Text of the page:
The eclipse will begin at 9 a.m. and end at 11:30 a.m. on Aug. 21, 2017. The 60-mile wide path of totality–when the moon completely blocks the sun–will last for about two minutes starting at 10:15 a.m. on the coast between Newport and Lincoln City. The path of totality then sweeps through the state and on to Idaho, then runs across the United States toward South Carolina. Those outside the path of totality will see a partial eclipse. For more information about the eclipse, visit bit.ly/OregonStateParks2017Eclipse.

Free camping and fishing–make it happen


Celebrate Your Parks on State Parks Day, June 4, 20162016-State-Parks-Day

Camping is free the night of June 4 in traditional sites—full hookup (sewer, electricity and water), electrical hookup (electricity and water), and tent sites.  Parking is free June 4-5 at the 26 parks that charge a day-use parking fee.

Visitors will also be able to fish, crab and clam without a license June 4-5 for Oregon’s Free Fishing Weekend, hosted by the Oregon Department of Fish and Wildlife (ODFW). ODFW will offer the gear, bait and instructions at parks around the state, including Benson State Recreation Area in the Columbia River Gorge and Jessie M. Honeyman Memorial State Park and Fort Stevens State Park on the coast.

Campsite reservations may be made by calling 800-452-5687 before 5 p.m. June 3. Or, reserve online at www.oregonstateparks.org. While the campsite rental is free, an $8 nonrefundable reservation fee still applies. Of the 52 state park campgrounds, 42 take reservations.

Parks throughout the state will host activities including guided hikes—Saturday, June 4 is also National Trails Day—plus open houses, tours, special barbecues and guest appearances by J.R. Beaver, Oregon State Parks mascot.

  • Silver Falls State Park east of Salem will have free refreshments, a guided waterfall tour and its annual Foot Race Challenge, with a 5K, 6-mile and kids’ race.
  • Stub Stewart State Park west of Portland will host a volunteer work party in the morning, followed by free lunch at Hilltop Day-use Area, a guided bike ride, scavenger hunt, skins and skulls display and more.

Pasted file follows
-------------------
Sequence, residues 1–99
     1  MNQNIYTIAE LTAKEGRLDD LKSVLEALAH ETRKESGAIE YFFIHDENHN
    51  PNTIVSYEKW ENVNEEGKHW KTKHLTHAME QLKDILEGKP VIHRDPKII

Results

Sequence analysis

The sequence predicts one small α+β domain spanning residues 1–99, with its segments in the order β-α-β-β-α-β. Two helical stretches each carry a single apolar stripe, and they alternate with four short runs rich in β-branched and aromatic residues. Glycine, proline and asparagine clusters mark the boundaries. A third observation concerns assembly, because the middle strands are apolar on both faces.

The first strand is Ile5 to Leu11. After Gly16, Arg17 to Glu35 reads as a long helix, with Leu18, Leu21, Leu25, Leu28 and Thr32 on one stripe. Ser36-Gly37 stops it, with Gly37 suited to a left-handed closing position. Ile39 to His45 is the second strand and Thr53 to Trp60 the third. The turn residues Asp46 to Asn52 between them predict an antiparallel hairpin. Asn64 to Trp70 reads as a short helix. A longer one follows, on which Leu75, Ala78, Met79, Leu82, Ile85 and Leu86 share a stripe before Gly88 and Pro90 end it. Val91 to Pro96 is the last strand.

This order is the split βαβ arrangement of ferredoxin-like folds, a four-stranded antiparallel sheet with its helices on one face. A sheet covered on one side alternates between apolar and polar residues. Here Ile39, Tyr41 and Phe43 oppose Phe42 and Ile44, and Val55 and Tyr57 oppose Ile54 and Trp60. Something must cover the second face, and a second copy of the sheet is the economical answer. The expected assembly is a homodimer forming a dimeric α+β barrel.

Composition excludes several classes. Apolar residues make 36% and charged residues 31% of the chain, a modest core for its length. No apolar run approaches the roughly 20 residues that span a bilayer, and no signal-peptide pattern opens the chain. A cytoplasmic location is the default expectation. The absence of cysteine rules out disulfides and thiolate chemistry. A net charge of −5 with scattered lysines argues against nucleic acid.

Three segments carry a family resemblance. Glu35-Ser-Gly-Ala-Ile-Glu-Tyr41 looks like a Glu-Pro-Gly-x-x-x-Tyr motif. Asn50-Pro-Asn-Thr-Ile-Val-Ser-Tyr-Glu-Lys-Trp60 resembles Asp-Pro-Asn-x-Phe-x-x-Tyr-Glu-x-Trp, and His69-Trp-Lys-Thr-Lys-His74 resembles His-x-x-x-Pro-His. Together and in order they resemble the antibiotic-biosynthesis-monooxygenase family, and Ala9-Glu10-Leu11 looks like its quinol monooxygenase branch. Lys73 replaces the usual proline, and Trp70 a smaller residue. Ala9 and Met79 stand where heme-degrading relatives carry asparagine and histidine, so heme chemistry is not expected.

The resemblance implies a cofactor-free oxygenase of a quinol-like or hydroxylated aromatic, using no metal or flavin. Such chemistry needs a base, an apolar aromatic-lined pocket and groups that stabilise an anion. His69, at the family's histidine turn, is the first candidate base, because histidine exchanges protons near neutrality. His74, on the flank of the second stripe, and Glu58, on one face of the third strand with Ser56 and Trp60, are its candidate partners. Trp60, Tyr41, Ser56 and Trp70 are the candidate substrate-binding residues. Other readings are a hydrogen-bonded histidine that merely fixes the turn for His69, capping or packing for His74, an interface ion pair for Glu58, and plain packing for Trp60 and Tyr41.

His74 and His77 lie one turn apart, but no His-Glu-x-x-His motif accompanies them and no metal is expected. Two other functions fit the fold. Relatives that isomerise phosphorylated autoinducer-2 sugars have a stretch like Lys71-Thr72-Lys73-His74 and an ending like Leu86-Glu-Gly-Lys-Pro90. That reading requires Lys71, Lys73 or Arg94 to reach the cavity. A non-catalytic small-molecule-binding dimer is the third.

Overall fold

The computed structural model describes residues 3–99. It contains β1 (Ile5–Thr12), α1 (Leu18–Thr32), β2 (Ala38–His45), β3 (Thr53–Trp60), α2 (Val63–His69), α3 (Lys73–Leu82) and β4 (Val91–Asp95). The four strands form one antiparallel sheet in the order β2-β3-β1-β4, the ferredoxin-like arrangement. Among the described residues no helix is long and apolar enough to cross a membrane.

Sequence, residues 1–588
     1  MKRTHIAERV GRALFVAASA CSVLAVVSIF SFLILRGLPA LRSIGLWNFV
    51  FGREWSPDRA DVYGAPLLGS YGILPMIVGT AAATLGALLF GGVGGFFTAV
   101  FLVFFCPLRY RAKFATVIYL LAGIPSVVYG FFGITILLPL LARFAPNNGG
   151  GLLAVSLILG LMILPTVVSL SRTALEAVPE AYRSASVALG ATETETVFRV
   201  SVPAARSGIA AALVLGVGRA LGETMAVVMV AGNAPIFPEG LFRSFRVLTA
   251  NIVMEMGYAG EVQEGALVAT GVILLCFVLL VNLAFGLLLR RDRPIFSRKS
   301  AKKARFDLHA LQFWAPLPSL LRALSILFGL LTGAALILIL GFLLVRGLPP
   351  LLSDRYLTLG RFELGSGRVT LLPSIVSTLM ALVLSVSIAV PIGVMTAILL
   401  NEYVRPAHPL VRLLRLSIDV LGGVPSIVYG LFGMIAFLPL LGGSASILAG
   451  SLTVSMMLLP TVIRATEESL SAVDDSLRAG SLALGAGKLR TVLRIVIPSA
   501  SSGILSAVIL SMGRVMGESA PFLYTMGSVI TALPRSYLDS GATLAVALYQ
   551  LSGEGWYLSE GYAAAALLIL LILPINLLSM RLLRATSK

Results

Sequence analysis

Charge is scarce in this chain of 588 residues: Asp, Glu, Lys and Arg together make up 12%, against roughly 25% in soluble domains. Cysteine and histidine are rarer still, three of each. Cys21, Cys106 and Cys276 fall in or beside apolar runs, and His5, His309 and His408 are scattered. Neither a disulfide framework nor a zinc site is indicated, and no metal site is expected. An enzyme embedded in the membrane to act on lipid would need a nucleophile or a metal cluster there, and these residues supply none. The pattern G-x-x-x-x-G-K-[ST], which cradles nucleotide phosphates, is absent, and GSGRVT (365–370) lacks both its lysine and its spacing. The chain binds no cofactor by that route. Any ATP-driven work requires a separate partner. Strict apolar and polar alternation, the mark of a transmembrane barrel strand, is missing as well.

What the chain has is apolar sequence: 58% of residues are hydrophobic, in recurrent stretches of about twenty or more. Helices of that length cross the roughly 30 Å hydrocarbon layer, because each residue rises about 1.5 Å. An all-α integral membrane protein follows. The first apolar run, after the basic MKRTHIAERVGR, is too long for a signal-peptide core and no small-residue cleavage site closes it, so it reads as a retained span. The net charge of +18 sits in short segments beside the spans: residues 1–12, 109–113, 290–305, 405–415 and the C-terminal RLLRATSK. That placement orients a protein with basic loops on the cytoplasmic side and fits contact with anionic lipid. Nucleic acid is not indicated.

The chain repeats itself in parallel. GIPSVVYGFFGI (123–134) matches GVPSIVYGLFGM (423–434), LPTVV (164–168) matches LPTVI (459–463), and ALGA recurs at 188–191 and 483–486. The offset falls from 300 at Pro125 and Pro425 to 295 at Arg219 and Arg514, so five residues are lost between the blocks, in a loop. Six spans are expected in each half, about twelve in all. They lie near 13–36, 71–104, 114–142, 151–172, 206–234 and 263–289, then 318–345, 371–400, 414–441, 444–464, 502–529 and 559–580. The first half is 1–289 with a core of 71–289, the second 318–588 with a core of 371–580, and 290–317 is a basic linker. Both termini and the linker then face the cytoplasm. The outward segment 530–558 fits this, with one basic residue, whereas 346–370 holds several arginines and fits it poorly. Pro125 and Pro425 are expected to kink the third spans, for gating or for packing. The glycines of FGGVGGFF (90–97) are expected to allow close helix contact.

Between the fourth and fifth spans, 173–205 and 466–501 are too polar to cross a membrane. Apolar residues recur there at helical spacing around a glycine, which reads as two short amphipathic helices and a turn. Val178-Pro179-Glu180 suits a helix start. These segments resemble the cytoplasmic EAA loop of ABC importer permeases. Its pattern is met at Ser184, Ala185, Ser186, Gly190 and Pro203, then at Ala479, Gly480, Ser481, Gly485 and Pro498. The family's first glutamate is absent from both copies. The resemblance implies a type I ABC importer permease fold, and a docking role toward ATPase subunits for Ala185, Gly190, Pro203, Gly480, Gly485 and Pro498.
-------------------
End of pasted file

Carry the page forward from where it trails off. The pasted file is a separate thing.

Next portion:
• See a fur trappers’ encampment at Champoeg State Heritage Area. Walk among the tents and work stations, ask questions of the interpreters and watch demonstrations of trapping, shooting, cooking and packing for the fur trade.

Aug. 14 Star Party set for Bates State Park in eastern Oregon (2015)


New moon and Perseids meteor shower pair for perfect night sky watching

Eastern Oregon night sky

Dark skies in eastern Oregon are perfect for stargazing. This photo was taken at Wallowa Lake State Park in July.

The night sky over Bates State Park east of John Day will set the scene for a Star Party Aug. 14 at 7:30 p.m. Join local amateur astronomers and volunteers with telescopes to view summer constellations, star clusters and planets.

“We are fortunate in rural eastern Oregon to have incredible dark night skies, with little to no light pollution,” said Park Manager Dennis Bradley. “Add a new moon and the Perseids meteor shower to the mix, and we have the perfect formula for an unforgettable evening.”

The Perseids meteor shower produces up to 60 bright meteors per hour from mid-July through late August, peaking this year Aug. 12-13. The night sky will be darker than usual on Aug. 14 because the new moon will not be visible and thus no moonlight.

The evening includes an old-fashioned campfire and storytelling from folks who lived in Bates when it was still a thriving logging town. You and your family can gather around the campfire for singing, roasting marshmallows and munching on s’mores provided by the park. The event and day-use parking are free.

Saturday morning take a tour of nearby Sumpter Valley Dredge State Heritage Area and the Kam Wah Chung State Heritage Site museum in John Day. Both the dredge and museum are free.

Bates State Park (park information and driving directions) has 28 primitive sites available first-come, first-served. Pitch your tent or sleep under the stars. Bates State Park is 30 miles northeast of John Day located on Middle Fork Lane off Highway 7, one mile north of its intersection with U.S. 26 at Austin Junction.